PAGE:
Snapchat May Have a Duty Not to Design Dangerous Software–Maynard v. Snap

The Georgia Supreme Court has issued a troubled, and troubling, opinion in Maynard v. Snap. The opinion will delight law professors who love geeking out about the elements of common law negligence claims. It will also inspire plaintiffs to bring more negligent design claims against Internet services–a looming tsunami of litigation. But this case also raises important free speech issues that get buried in the court’s technical analysis of the negligence elements, and it casts an uncomfortable shadow over all Internet services about their potential liability when criminals inevitably misuse their tools.

The Facts

I’ve blogged this case three times before, in 2017, 2018 and 2020. In my 2018 post, I summarized:

Christal McGee allegedly drove recklessly (over 100 mph) to capture her accomplishment in Snapchat’s speed filter. McGee’s car hit Maynard’s car and caused permanent brain damage to someone in the car. The Maynards sued Snapchat, alleging “Snapchat knew that its users could ‘use its service in a manner that might distract them from obeying traffic or safety laws.’ Further, the Maynards allege that Snapchat’s Speed Filter ‘encourages’ dangerous speeding and that the Speed Filter ‘facilitated McGee’s excessive speeding[,]’ which resulted in the crash.” However, the Maynards do not allege that McGee posted a snap displaying the speed filter.

[An obvious reminder that the speed filter legitimately could be used by passengers to capture their speeds on planes or trains at speeds that would be dangerous or ludicrous if that passenger was driving in a car.]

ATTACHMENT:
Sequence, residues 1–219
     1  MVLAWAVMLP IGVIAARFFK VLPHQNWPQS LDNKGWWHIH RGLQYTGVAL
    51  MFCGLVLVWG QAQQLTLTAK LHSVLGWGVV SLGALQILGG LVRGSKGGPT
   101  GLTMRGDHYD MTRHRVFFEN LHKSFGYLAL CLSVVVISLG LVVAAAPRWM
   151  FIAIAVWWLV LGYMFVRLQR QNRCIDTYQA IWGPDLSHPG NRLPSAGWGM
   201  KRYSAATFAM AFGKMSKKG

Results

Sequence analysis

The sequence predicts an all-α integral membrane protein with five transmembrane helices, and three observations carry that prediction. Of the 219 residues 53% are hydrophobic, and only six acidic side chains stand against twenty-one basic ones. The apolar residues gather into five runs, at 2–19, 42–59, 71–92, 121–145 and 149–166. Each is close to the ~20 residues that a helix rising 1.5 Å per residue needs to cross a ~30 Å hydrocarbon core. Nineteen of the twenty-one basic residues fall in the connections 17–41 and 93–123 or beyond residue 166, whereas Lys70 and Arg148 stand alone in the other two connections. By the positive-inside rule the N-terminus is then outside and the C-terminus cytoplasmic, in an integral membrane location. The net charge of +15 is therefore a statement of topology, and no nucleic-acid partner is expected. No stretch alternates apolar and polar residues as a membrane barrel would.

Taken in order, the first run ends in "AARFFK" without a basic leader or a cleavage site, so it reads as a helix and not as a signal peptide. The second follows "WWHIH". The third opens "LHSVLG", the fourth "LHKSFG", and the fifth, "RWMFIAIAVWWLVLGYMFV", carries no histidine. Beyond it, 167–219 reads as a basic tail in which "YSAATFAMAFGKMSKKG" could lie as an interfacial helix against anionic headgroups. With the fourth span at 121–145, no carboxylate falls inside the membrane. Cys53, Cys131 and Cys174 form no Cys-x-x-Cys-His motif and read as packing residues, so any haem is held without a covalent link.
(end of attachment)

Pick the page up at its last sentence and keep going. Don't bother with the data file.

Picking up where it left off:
The lower court initially dismissed the case on 230 grounds. In 2018, the intermediate court reversed. On remand, the lower court dismissed the case again because Snapchat didn’t have a duty that would support the negligence claim. In 2020, the intermediate court affirmed that decision 2-1. In this ruling, the Georgia Supreme Court reverses the intermediate court, saying that the plaintiff properly alleged a duty. That sends this case back to the intermediate court for a third time to consider the motion to dismiss based on proximate causation and perhaps other negligence elements. I wonder if the intermediate court will send that question back to lower court for a third time.

Note: the complaint was filed in April 2016. It’s now been in the courts for 6 years and it’s still at the motion to dismiss stage. Remember that point when we consider the litigation costs of the Georgia Supreme Court’s ruling.

Lemmon v. Snap is a separate, but similar, lawsuit in the California federal courts. That case also involves Snapchat’s speed filter, and the plaintiffs are the parents of boys who died in a car crash after using the filter. I’ve blogged that case three times as well, in Feb. 2020, March 2020, and 2021 (the appellate ruling that made my list of top 10 Section 230 developments of 2021). The lower court dismissed the complaint on Section 230 grounds. The Ninth Circuit reversed, saying that the plaintiffs could plead around Section 230 by alleging defective design. The Georgia Supreme Court ruling likely has implications for the Lemmon case too.

What the Court Said